Mount Barnard East Pillar

Independence, California

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Mt. Barnard was at one time believed to be over 14,000 feet. Now it is the highest 13,000-foot peak in the range, and as Steve Roper noted in his 1976 guidebook, “A lot of peakbaggers were unhappy when the Geological Survey announced the new elevation.” The remote cirques surrounding the abandoned trail over Vacation Pass offer a number of impressive walls and towers. However, the arduous approach and necessary bighorn sheep restrictions have diminished their popularity in recent years. Bishop climbers Bob Harrington and James Wilson both recommended this route, noting that it was quite popular at one time. As with other climbs, Harrington was inspired by Rowell’s vision and returned to the pillar with Allan Bard to climb a new route to the right. He said, “Our route is good, but Rowell’s route is really cool in that it follows a single crack that steepens as it goes, until you reach the crux right below the summit.”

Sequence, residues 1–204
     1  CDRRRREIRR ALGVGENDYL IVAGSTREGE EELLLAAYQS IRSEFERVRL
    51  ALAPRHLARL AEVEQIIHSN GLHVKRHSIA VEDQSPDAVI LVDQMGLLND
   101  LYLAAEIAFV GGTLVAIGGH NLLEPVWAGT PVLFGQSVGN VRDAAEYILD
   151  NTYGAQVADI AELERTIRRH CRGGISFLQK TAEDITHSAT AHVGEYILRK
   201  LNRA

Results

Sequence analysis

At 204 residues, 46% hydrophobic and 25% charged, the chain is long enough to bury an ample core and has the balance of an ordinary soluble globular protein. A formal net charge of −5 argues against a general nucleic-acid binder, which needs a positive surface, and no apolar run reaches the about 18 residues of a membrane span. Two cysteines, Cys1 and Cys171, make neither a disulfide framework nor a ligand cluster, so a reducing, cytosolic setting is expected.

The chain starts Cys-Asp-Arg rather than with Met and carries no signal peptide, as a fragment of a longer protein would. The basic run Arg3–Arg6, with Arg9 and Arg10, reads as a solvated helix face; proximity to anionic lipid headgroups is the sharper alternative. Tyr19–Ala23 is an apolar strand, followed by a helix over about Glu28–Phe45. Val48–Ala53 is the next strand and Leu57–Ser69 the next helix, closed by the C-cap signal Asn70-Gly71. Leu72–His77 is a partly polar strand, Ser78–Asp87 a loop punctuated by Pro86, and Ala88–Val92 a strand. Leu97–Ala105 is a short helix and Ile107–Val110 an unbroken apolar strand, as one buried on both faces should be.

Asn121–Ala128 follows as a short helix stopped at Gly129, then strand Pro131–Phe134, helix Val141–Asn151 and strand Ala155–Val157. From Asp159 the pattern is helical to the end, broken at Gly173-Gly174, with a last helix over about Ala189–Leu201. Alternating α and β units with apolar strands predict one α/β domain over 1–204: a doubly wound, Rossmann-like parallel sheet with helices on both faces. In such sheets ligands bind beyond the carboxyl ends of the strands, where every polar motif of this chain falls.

Climbing California's High Sierra

DESCRIPTION FROM:

Climbing California's High Sierra

by John Moynier & Claude Fiddler (Falcon Guides)

Mt. Barnard was at one time believed to be over 14,000 feet. Now it is the highest 13,000-foot peak in the range, and as Steve Roper noted in his 1976 guidebook, “A lot of peakbaggers were unhappy when the Geological Survey announced the new elevation.” The remote cirques surrounding the abandoned trail over Vacation Pass offer a number of impressive walls and towers. However, the arduous approach and necessary bighorn sheep restrictions have diminished their popularity in recent years. Bishop climbers Bob Harrington and James Wilson both recommended this route, noting that it was quite popular at one time. As with other climbs, Harrington was inspired by Rowell’s vision and returned to the pillar with Allan Bard to climb a new route to the right. He said, “Our route is good, but Rowell’s route is really cool in that it follows a single crack that steepens as it goes, until you reach the crux right below the summit.”

©  John Moynier & Claude Fiddler/Falcon Guides. All Rights Reserved.

Activity Type: Climbing
Nearby City: Independence
Class: Class 5.9 and above
Local Contacts: Inyo National Forest; Sequoia National Park
Local Maps: USGS Mt. Clarence King, Kearsarge Peak
Grade: Grade III
Driving Directions: Directions to Mount Barnard: East Pillar

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